On the other hand, I've always thought that festivals of any kind have not so much an obligation as an opportunity to show off more exciting stuff, that's far less of a risk for them financially. If someone's buying a ticket to summer music festival, the deciding the factor as to whether you go or not, generally speaking, isn't the local line-up. So the promoters have an amazing opportunity to do some weird and interesting stuff without worrying if it will sink the whole operation. By and large they don't take up that opportunity, and that's a shame. We're not selling tickets, so we don't have a lot of those pressures, which is quite liberating.

What were your aims in putting together the program?

I wanted the program to help young writers think about things differently, and do things differently, and have a good time while they're here doing it. So we have serious discussions (how our media serves a contemporary Māori audience); creative writing workshops (poetry erasures, using social media as a storytelling platform); and bookish social events (a gig, a spelling bee, a pub quiz).

The range of voices was important, but I wanted to address that without it being heavy handed or token. We know women and Māori voices are marginalised, for example, but how can we do our bit to address that without having 'The Māori Panel'? I can't answer that, because it isn't my place. In that instance, I talked to young Māori writers and asked them what they would want to see, and we tried to do that.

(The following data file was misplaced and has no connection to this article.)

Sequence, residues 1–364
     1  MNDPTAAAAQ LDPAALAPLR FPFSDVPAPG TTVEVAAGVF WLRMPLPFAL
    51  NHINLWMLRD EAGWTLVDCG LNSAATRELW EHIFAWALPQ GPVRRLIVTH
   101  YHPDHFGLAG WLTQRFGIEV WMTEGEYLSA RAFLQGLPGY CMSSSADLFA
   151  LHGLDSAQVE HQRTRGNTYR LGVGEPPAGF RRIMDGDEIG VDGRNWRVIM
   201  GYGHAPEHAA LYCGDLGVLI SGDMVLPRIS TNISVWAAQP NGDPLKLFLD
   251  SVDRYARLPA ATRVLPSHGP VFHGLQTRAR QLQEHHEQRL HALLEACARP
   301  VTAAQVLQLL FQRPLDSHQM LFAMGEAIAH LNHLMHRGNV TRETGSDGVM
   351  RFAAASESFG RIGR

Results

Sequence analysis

If one of the festival's goals is professional development for aspiring scribes, we needed to present as broad a scope of writing outlets as possible. Plays, prose and poems are still options obviously, and they're represented in the program. We're also talking about writing scholarly histories, and what that means now, and how we can use Twitter as a storytelling medium. What does the online environment offer for critics and longform feature writers, and what are the realities of a journalist's struggle today? It's an easy job for me, all I have to do is ask the questions. It's up to the panelists and participants to answer them!

Do young writers have a loud enough voice in New Zealand?

This reminds me of that great John Key quote: “I have always believed we should enhance the literary skills of our young people and while our literary heroes may never challenge the glory and respect given to our All Blacks, we still need role models to inspire us.”